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Issue 8, Spring 2012
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Learning 2.0,
   Charles Kerchner
Want To Get Home On Time?,
   Mark Moorhouse
Sharing Bright Spots, Ending Isolation,
   Ashley Vasquez
Teachers’ Work And School Change,
   Judith Warren Little
Teachmeet: Professional Development
   By Teachers,For Teachers
   Martin Said
Wild About Cramlington,
   Darren Mead
An Interesting Correlation:
   Mathematics Intruction & Social Issues
   Bryan Meyer
On The Trail Of The Literacy Campaign:
   An Internship In Cuba
   Timoteo Delgado
Why Do We Need To Learn This?,
   Kali Frederick
Can Games Help Us Build A Better Reality?,
   Laura Webber
Uncovering The Progressive Past:
   The Origins Of Project Based Learning
   Brett Peterson

1: Complexcity
2: The Lascaux Cave Project
3: Immigration Podcasts
4: Moral Courage Project
5: Staff Class to the Past
6: Self Portrait Relief Prints
7: Mystery Code Project

Self Portrait Relief Print:
Patterns of our Existence and Beyond

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Patterns of our Existence and Beyond was inspired by Dia de los Muertos, a Mexican holiday that came from an Aztec tradition, which takes place on November 1st. This holiday, the Day of the Dead, focuses on the celebration of life as well as remembering and rejoicing the lives of the ones we have lost. For this project, students thought about why and how certain people leave an impression on our lives. We also brainstormed characteristics, attributes, and achievements we would like to be remembered for, and known for now and in the future. Each student then created a symbolic self-portrait by taking a picture of themselves and compiling found images of the characteristics they brainstormed using Adobe Photoshop. We transferred this design to a foam block, carved it out, and printed it on heavyweight paper. The final products were amazing relief prints that symbolically represented our own Patterns of Existence and Beyond.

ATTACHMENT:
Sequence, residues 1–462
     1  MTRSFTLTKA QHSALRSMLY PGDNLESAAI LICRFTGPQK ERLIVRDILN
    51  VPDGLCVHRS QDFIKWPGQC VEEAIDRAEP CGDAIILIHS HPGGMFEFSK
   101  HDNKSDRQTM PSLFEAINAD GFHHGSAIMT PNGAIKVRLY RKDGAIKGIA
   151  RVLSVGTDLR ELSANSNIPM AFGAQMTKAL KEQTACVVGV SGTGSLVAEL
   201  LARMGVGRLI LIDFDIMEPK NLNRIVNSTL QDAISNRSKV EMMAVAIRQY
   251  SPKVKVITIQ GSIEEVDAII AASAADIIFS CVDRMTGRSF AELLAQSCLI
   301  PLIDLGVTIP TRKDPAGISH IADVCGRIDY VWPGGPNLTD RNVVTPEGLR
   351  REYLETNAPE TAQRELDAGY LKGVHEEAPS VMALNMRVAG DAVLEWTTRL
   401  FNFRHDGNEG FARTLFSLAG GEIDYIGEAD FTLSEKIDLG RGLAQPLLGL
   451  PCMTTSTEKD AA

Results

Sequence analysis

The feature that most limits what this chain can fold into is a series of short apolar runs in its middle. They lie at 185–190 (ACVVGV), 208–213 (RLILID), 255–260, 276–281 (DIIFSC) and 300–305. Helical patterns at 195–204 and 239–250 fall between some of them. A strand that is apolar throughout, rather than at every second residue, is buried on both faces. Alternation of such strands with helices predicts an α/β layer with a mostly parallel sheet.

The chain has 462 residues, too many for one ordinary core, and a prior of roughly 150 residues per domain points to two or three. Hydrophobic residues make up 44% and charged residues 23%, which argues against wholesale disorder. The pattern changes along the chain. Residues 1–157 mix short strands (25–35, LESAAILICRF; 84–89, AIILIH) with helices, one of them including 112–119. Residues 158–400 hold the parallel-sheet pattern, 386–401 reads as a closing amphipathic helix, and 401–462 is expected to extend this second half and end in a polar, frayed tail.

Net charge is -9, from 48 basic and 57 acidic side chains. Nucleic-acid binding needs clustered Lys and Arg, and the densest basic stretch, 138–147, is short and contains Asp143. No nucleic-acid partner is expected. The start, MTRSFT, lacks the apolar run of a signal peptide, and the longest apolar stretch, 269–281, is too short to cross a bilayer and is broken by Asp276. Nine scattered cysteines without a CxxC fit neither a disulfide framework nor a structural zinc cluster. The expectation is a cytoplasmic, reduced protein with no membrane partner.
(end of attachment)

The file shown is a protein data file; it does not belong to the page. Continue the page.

Student Reflection
What I want to be known for and remembered by is my love for my family, my music and talent, and my happiness. I want to be known for and remembered as a person who tried to achieve and succeed, someone who loved people, and as a person who left their mark on our world. The imagery I included in my print represents these attributes. The message that I wanted to communicate to my audience was that no one is the same. Everyone has their own circles of life. Why circles? Circles are whole, and never ending. This represents my pride in myself, and everyone around me. The circle of my life represents everything important to me. My Circles of Life represent me, myself, and I.

There are lots of things that I enjoyed about this process including the hands on work and learning about symbolism. I would love to have the opportunity to do it again! I liked how our class worked together to help each other with the print and carving process and the feel of being in Art class, in general, was memorable.
--Alexa Gil, 7th grade

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